As part of a project I’m working on, I’ve had the fortune to stumble across a variety of books that I wouldn’t have ordinarily picked up. Thanks to this project, and possible a Booktube video or two, I found Golden Boy.
Max is an above average fifteen-going-on-sixteen year old boy. He loves playing football, hanging out with his friends, playing video games with his younger brother Daniel, and kissing girls. His dad is a crown prosecutor about to run for MP; is mum a successful barrister in her own right. He’s getting amazing grades and is certain to get into the best local college and then onto Oxford University.
And then, one night, everything changes.
After the devastating attack, Max is left broken, confused and terrified. Because underneath it all, Max isn’t a typical boy: he’s intersex. With both male and female anatomy, he’s kept it hidden all of his life, and not even his parents have told him everything about his condition. But that one night could threaten to reveal his secret and destroy the lives of everyone he cares about.
I have a big decision to make. Part of what packed such emotional punch with this book was the revelation of what happens ‘that night’ and how it unfolds, so I’m reluctant to spoil it for anyone in anyway. However, what happens is, to be honest, horrific and pretty graphic – not what I was expecting at all! So a part of me feels that I should be sticking a very large warning label on this review.
I guess, if you’re really worried, send me a message and I’ll fill you in on two key moments. One is very early on in the book, only about twenty pages in, but it seriously changed my view of the whole book once it was revealed and I think it works best if you don’t know what happened going into it. The second is much later, but stills needs a little warning.
And what follows – woah, what follows! – is a remarkable book. Boiled down to its essence, Golden Boy is one part coming-of-age tale and one part family drama. Tarttelin entwines these two elements together seamlessly, with characters that are both endearing and infuriating for multitudinous reasons. As this progress from bad to really, really flipping awful, I was compelled to carry on with each new page and each new raw emotion.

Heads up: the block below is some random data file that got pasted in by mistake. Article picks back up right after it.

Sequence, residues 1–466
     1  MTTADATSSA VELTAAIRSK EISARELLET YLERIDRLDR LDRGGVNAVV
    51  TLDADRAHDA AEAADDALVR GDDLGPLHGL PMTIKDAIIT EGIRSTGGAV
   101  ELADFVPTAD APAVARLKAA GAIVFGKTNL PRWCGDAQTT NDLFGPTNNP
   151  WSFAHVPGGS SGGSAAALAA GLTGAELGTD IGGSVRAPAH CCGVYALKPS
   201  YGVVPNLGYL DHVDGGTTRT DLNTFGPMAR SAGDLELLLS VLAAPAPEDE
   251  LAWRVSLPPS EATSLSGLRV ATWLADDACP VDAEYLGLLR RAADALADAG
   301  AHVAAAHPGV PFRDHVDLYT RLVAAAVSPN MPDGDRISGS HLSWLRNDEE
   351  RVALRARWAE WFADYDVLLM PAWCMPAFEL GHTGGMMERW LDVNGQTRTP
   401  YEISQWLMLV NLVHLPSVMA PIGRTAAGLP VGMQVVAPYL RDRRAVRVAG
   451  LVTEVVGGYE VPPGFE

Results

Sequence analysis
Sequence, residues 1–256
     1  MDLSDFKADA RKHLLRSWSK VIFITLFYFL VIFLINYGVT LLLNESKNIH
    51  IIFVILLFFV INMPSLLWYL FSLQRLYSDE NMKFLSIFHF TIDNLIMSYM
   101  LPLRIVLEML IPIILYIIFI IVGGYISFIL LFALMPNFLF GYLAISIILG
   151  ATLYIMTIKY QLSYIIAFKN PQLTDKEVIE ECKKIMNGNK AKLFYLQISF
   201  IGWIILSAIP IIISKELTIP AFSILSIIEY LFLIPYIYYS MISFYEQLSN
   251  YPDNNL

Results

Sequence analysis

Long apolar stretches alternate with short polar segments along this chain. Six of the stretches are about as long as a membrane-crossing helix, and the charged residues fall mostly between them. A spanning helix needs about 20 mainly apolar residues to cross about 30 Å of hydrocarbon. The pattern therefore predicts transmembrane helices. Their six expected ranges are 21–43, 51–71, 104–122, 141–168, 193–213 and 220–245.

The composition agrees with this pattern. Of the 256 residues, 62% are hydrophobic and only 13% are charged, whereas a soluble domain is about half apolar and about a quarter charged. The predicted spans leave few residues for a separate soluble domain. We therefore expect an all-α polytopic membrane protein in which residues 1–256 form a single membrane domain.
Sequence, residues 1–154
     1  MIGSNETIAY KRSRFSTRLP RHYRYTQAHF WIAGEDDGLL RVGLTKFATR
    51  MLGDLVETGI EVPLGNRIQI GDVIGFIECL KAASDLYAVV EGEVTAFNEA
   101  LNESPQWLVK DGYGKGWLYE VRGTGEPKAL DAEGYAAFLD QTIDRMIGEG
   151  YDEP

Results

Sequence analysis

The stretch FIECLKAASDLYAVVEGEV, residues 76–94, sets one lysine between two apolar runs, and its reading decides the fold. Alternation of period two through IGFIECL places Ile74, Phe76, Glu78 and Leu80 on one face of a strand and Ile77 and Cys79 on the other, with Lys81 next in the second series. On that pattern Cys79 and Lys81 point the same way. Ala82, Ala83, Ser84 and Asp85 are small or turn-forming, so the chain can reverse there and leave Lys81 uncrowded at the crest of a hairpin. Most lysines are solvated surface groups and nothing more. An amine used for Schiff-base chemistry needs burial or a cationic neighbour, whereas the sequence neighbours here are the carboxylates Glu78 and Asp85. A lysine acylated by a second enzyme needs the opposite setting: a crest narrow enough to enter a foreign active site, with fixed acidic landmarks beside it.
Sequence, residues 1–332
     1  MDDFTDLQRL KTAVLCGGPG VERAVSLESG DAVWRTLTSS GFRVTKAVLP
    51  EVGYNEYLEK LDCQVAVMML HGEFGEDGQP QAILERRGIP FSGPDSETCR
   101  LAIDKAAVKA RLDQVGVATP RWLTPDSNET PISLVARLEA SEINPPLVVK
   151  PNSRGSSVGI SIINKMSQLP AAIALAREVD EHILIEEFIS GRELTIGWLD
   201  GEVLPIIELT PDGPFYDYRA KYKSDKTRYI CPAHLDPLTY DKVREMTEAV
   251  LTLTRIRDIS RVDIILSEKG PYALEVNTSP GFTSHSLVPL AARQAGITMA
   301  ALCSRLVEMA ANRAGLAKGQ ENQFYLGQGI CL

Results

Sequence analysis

Max really is a lovely boy, and his character is a wonderful construct of a teenager not quite like everyone else, but in a good way. The way Tarttelin builds the world and characters around Max highlight both his normality and his otherness. No one out side of the circle of family and extremely close family friends know about Max’s condition and so nothing is different about the way Max is treated by his peers. He’s a good mate and student, who has the rumour mill running around him thinking he’s a heartbreaker sleeping with all the girls. School life is rendered accurately, which only adds to the love you develop for Max.
Sylvie, too, is a lovely character – the ‘kook’ girl that Max starts to have feelings for. Again, she doesn’t quite fit in, and seems to see the chink in Max’s armour as things start to fall apart. The play on people’s similarities and differences as a kind of literary compare, contrast and unification is subtle and seamless.
Other characters that are real high points are Max’s brother, Daniel, and his doctor, Archie. Archie seemed to bring the reasoning to the situation and balanced things well – although I am a little skeptical about the way things play out much later in the book, and found it a bit of a stretch of character just for the sake of plot. That being said, her insights offer the reader a glimpse into the medical aspects of being intersex, as well as being steady, stable character you keep coming back to.
Daniel is both a complex dimension and a light relief. The way he sees the world is at times funny and others poignant, whilst his relationship with his mother and with Max is difficult for him to understand in his young mind. Being honest, as an only child, I found it difficult to understand myself, but the more I think on it the more it makes sense and just adds to the layers of complexity in this novel.
It tackles some big issues. Really big issues. And it looks at them all with both clear distance and heart. Tarttelin doesn’t sugarcoat anything that happens, but there’s a empathy there that underlies the decisions of each character, whether you agree with them or not.
And some of it really is just devastating. There were moments when I had to put the book down and walk away before it became too much. The rollercoaster Tarttelin takes you on is as brutal as it is wonderful.
There are some flaws. As I mentioned earlier with Archie, there are character decisions that cut a little too close to being forced for the sake of plot rather than because it felt natural. Karen, Max’s mother, felt underdeveloped throughout, and we only got to explore Steve, Max’s father, and his perspective in the last third of the book. There are minor characters as well, who lack the depth and clarity that the more main characters have.
However, these are only minor things in what is a remarkable book. I highly recommend picking this up, as it’s one I think should be on everyone’s shelf.
Hopefully I’ll be back to blogging here more regularly soon. I’ve been having a bit of a rough patch at the moment, and this was a way of getting me back into the swing of things.